Baltimore Ravens

Ravens agree to one-year deal with edge rusher Justin Houston, bolstering pass rush

Free-agent edge rusher Justin Houston agreed to a one-year deal Saturday with the Ravens, a team-friendly acquisition that should bolster the defense’s overhauled pass rush.

The deal is worth up to $4 million, according to ESPN. Houston reportedly turned down “significantly more money” from other teams to join the Ravens’ push for a Super Bowl title. The four-time Pro Bowl selection visited the Ravens in April, but he remained unsigned throughout the offseason.


“I feel like he’s a proven player,” coach John Harbaugh said after the team’s practice at M&T Bank Stadium on Saturday night. “I had a chance to talk to him a lot in the last number of months. He really wanted to be here. He wanted to be here months ago.”

Houston, 32, was perhaps the NFL’s top pass rusher still on the market, with four straight seasons of at least eight sacks. Last year, he had eight sacks, 12 quarterback hits and two safeties in 16 games with the Indianapolis Colts. Houston’s deal is contingent on a physical, but Harbaugh said it would be “a while” before he’s cleared to practice. As an unvaccinated player, Harbaugh said, his onboarding process takes longer than normal to complete.


Houston’s arrival will help soften the blow of the offseason departures of Pro Bowl outside linebacker Matthew Judon and Yannick Ngakoue, who combined for nine sacks in 23 games in Baltimore last season. It could also ease the pressure on first-round pick Odafe Oweh and fifth-round pick Daelin Hayes while pushing third-year edge rusher Jaylon Ferguson to the roster bubble.

In recent years, the Ravens have entered the season with five outside linebackers or edge rushers on their 53-man roster. Tyus Bowser and Pernell McPhee are the early favorites to start on the edge. Oweh and Hayes have impressed in camp. Coaches have praised Ferguson’s mental growth. And now Houston will have to fit in somewhere, too, the latest and maybe greatest addition at a position considered a serious weakness entering 2021.

“I think we have a plethora of talent — guys that are very, very gifted in a lot of places who are going to have to step up and make big plays for us,” defensive end Calais Campbell said in June. “Our outside rush is where we lost the most, and I see some of our young guys who can really move, and they’re really just super gifted. And so, now it comes down to just getting them prepared, getting them ready, helping them develop as quickly as possible, because we’re going to have to depend on them.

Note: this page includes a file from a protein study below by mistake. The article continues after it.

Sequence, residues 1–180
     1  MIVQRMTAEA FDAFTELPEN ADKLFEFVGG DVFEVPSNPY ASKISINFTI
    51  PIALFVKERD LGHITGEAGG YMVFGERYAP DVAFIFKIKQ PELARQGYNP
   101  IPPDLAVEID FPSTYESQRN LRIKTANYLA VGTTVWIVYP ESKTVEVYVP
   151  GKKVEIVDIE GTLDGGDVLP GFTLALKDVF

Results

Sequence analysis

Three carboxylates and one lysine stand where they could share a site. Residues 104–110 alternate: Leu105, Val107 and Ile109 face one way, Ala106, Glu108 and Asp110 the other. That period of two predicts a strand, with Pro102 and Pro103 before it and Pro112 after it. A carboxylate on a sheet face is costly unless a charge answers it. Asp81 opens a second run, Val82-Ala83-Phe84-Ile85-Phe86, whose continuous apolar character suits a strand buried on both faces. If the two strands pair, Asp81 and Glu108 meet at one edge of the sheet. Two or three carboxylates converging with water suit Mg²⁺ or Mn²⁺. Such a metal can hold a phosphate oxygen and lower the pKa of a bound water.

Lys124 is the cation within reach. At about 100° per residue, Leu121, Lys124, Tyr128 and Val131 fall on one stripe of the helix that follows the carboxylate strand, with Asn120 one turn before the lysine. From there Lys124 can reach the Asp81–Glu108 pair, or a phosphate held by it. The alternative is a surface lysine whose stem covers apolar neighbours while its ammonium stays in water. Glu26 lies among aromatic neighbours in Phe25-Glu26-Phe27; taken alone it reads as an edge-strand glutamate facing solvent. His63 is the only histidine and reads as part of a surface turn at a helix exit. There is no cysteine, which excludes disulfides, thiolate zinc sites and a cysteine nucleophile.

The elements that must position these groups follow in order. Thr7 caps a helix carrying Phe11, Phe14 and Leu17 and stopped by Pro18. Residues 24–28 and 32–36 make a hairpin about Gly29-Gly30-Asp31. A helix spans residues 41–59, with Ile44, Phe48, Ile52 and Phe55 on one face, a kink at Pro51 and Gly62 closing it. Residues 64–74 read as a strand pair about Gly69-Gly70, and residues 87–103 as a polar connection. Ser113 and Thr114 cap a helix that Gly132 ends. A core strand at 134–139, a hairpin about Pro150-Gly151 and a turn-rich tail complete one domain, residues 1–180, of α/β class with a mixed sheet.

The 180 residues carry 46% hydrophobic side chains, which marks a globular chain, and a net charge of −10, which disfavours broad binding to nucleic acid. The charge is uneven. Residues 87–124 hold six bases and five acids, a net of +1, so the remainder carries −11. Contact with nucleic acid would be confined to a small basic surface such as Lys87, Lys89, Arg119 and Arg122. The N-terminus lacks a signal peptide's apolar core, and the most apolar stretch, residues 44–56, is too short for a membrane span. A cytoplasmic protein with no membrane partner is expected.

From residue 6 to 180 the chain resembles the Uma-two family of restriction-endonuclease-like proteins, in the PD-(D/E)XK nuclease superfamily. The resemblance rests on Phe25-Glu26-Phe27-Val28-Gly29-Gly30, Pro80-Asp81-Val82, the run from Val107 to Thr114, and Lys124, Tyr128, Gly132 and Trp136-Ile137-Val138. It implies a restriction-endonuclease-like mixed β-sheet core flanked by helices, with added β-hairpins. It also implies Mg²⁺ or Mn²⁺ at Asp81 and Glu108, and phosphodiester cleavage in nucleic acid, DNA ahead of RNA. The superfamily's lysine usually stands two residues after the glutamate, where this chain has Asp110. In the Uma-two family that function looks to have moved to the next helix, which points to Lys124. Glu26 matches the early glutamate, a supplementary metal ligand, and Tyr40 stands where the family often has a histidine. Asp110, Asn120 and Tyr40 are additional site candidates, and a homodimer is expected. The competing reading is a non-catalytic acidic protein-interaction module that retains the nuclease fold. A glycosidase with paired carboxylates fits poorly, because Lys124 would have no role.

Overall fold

“This is one of those teams where we’re going to have to depend on some young guys to step up and make some plays for us. But I think we’ve got a really good group of young [players] who are going to be able to develop and become really good football players in this league.”

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Houston brings veteran savvy and reliable production to a low-cost group. After Judon signed a four-year, $56 million contract with the New England Patriots and Ngakoue got a two-year, $26 million contract from the Las Vegas Raiders, Bowser ($3 million) had the highest salary cap hit at the position. McPhee, meanwhile, had the most career sacks (37), but just six over the past three seasons.

The 6-foot-3 Houston has 97 ½ career sacks, including 19 since 2019. But after an impressive age-30 season, his production and participation fell off somewhat last year. He played 59% of the Colts’ defensive snaps, less than what he played during a 12-game 2018 season with the Kansas City Chiefs. Houston’s 8.3% pressure rate, meanwhile, was the lowest of his career, according to Pro Football Focus, and his 32 total pressures were among the fewest of his career.

“We have a role for him,” Harbaugh said. “And he’s got a chance to really help us. So I’m excited.”

“Man, we got better,” Oweh said Saturday. “That’s how I can take it. It’s an opportunity for me to learn from a guy that has 97 sacks. That’s always great.”


In a recent Instagram post, Houston shared photos of himself working out in a Chiefs helmet, another pass rush-needy team. But after a visit with the Ravens — and a few calls from cornerback Marcus Peters, a former Kansas City teammate — the two sides agreed on an incentive-laden deal. The reduced price tag worked for the Ravens, who are tight against the salary cap, and so did the timing, which won’t cost the team a 2022 compensatory draft pick.

Houston is expected to be the Ravens’ final big-name acquisition before the season kicks off in September. In mid-June, coach John Harbaugh said he’d talked with Ravens general manager Eric DeCosta about bringing in another veteran. Harbaugh said not to rule out the possibility.

“I’m not too worried about any spot on our team,” he said. “But if someone comes available for what we can afford and what makes sense for us, you always love to have more players, more talent, better players. If they’re the right kind of guys that fit into us and want to practice the way we practice, play like the way we play, then heck, yes. We’re always interested in improving ourselves any way we can.”